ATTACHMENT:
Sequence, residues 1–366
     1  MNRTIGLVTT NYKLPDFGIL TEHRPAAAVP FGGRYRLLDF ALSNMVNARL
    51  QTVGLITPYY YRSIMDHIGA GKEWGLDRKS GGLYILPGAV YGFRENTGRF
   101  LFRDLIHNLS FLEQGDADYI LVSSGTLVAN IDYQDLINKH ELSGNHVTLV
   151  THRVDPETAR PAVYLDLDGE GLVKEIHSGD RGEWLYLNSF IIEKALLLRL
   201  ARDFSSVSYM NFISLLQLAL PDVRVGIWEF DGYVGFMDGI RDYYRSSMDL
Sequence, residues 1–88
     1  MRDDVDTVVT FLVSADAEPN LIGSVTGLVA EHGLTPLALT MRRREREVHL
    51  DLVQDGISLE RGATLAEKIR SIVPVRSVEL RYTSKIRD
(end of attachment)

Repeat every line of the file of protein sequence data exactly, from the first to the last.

Sequence, residues 1–366
     1  MNRTIGLVTT NYKLPDFGIL TEHRPAAAVP FGGRYRLLDF ALSNMVNARL
    51  QTVGLITPYY YRSIMDHIGA GKEWGLDRKS GGLYILPGAV YGFRENTGRF
   101  LFRDLIHNLS FLEQGDADYI LVSSGTLVAN IDYQDLINKH ELSGNHVTLV
   151  THRVDPETAR PAVYLDLDGE GLVKEIHSGD RGEWLYLNSF IIEKALLLRL
   201  ARDFSSVSYM NFISLLQLAL PDVRVGIWEF DGYVGFMDGI RDYYRSSMDL
Sequence, residues 1–88
     1  MRDDVDTVVT FLVSADAEPN LIGSVTGLVA EHGLTPLALT MRRREREVHL
    51  DLVQDGISLE RGATLAEKIR SIVPVRSVEL RYTSKIRD